The new lawsuit said Reeves also lacked authority to hire a private law firm to handle the state’s lawsuit to recoup money, and that the use of welfare money to pay the law firm violates federal law.
The lawsuit also claims “Reeves may have been involved in” a transaction with his former personal trainer, Paul Lacoste, another defendant in the state lawsuit.
Mississippi Today reports have previously uncovered text messages that connect the governor to Lacoste. The texts show former welfare director John Davis, who has pleaded guilty to federal and state criminal charges in the scandal, directed a subordinate to send $1.3 million in welfare funds for “the Lieutenant Governor’s (Reeves’) fitness issue.”
Mississippi Today has also reported texts that show the governor’s brother, Todd Reeves, coordinated with state Auditor Shad White on damage control for former NFL star Brett Favre. An audit revealed the athlete had received $1.1 million in welfare funds for speeches the auditor said Favre never made. Todd Reeves also had arranged conversations with Gov. Reeves so that Favre could ask for the governor’s help in funding a volleyball stadium at the University of Southern Mississippi, a key focus of investigation to date into the welfare scandal.
Reeves last year said he dismissed the attorney who had been handling the case for the state. That lawyer, former U.S. attorney Brad Pigott, was removed from the case after he attempted to subpoena the University of Southern Mississippi Athletic Foundation’s communication with former Gov. Phil Bryant and others. Authorities say $5 million in welfare money was improperly diverted to build the volleyball stadium at USM.
Reeves’ staff had already forced Pigott to remove the university’s athletic foundation — whose board is made up of many of Reeves’ major campaign donors — from the civil suit.
Reeves said he ousted Pigott, who had worked on the case for about a year, because he wasn’t up to the task of such a large lawsuit and that Pigott had a “political agenda” and craved the media spotlight. Pigott said he was fired on Reeves’ orders because he sought communications between the USM foundation, Bryant, Bryant’s wife, Deborah, and Favre involving the stadium.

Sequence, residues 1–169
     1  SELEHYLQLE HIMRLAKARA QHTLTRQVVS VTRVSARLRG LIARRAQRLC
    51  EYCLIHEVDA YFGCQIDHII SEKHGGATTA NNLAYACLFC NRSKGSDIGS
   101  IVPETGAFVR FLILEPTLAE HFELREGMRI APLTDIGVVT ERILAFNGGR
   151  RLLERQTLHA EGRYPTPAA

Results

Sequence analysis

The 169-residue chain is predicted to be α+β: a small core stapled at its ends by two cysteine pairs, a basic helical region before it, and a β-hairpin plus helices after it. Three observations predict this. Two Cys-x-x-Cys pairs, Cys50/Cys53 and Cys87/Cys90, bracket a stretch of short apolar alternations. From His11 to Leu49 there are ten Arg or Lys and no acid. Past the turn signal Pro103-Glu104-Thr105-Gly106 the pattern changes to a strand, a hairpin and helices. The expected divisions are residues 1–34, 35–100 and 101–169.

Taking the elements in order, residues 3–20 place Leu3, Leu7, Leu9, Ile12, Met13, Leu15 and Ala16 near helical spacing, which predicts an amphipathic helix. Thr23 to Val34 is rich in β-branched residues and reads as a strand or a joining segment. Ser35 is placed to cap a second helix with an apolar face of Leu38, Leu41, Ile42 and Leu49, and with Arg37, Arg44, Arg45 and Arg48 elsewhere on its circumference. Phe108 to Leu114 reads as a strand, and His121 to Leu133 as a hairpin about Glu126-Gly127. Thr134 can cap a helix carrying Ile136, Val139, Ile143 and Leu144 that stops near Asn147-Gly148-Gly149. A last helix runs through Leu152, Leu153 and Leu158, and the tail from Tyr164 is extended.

John Pelissero is an author and expert on government ethics. He is a longtime political science professor and former provost at Loyola University Chicago and a senior scholar in government at the Markkula Center for Applied Ethics at Santa Clara University.
Pelissero said he believes Reeves “should recuse himself from being directly involved in this investigation” and making decisions such as which lawyers to hire or fire.
Pelissero said that even if there was no wrongdoing by Reeves, the basic tenets of government ethics would call for him to bow out of the mix because of questions about him and his brother, campaign contributions Reeves accepted from defendants and other issues.
“I would think the governor would recuse himself from being directly involved in this based on a couple of things … One, the governor is alleged to have steered some of the funds, these welfare funds, to other projects,” Pelissero said. “Two, he’s got a family member who has some involvement with one of the individuals being sued, that being the former quarterback.
“… There are two broad ethical categories here,” Pelissero said. “One is the question of whether there is a direct violation of law or policy … But the other ethical issue that arises is when there simply appears to be the possibility something unethical is going on. That perception can be just as corrosive to trust in government as a legal or policy violation.”